THE BLOG
08/28/2015 08:08 pm ET Updated Aug 28, 2016

Higher Minimum Wage: A Crucial Tool for Lifting More Californians out of Poverty

Geri Lavrov via Getty Images

Come January 1, 2016, California will have the highest minimum wage of any state in the country. But it's not enough. So I'm committed to a path toward increasing the minimum wage to at least $15, because no one who works for a living in one of the world's leading economies should have to live in poverty. Right now, half of California's children live in poverty or near-poverty. That's unacceptable, and increasing the minimum wage is part of fixing that problem.

A bill in the California Legislature, SB 3 (Leno), is one avenue to increase the minimum wage and help make a better life for millions of workers and their families. SB 3 is now a two-year bill that will be considered when the legislature reconvenes in 2016. That means SB 3 will be considered after the current wage hike takes effect in January, allowing for that rate to be absorbed before an additional hike is enacted. That timing also provides more opportunity to generate support for the bill with legislators and the governor.

There is also another potential avenue, a 2016 ballot initiative that is being discussed to raise the minimum wage to $15. Recent polls show public support for raising the wage to that level by 2021. Earlier this year, we enacted California's landmark new state Earned Income Tax Credit, which will benefit roughly 2 million hard-working, low-income Californians and lift 50,000 Californians out of poverty and 50,000 more out of deep poverty. A higher minimum wage will be an effective next step.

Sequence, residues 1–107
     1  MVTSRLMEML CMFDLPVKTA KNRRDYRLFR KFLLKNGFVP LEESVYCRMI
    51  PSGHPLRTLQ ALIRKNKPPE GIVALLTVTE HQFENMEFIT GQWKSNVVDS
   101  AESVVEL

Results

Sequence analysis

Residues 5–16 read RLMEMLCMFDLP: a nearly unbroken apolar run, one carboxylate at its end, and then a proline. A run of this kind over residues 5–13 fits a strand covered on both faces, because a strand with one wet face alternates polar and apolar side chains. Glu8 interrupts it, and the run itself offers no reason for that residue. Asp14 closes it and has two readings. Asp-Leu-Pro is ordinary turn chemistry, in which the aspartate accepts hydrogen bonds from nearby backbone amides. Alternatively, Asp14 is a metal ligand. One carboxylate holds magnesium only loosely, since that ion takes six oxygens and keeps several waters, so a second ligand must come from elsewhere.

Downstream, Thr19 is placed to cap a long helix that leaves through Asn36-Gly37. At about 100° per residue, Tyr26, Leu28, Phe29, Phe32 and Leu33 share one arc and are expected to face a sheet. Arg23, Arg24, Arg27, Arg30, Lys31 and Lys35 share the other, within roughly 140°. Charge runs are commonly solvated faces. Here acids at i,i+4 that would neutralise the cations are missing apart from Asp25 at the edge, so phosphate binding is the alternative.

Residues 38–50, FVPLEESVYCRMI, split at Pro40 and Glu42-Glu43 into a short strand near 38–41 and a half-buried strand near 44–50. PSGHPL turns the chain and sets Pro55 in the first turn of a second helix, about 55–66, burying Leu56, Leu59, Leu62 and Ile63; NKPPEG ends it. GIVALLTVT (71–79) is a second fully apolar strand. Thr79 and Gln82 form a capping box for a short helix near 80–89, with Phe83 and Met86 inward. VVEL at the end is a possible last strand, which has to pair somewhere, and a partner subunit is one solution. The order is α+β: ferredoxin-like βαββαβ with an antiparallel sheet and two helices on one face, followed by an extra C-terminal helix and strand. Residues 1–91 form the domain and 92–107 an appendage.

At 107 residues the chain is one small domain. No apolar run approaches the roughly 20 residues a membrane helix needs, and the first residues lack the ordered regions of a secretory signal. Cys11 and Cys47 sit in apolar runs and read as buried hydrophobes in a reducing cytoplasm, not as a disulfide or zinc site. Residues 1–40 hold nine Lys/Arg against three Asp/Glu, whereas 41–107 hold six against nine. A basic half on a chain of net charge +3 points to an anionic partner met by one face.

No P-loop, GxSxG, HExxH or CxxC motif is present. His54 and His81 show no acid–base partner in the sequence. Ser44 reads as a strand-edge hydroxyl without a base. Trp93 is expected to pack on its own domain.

As we review the options presented to us for raising the minimum wage, two things must be made clear: In every part of California, workers are struggling with poverty wages, and we can't leave anyone behind, so every minimum-wage worker must benefit from the increase. And the wage increase has to be at least high enough to keep workers out of poverty. I look forward to California implementing the $10 minimum wage in January, and moving to increase the wage even further for 2017 and beyond to lift more California families out of poverty, boost local communities, and make sure everyone benefits from our state's economic prosperity.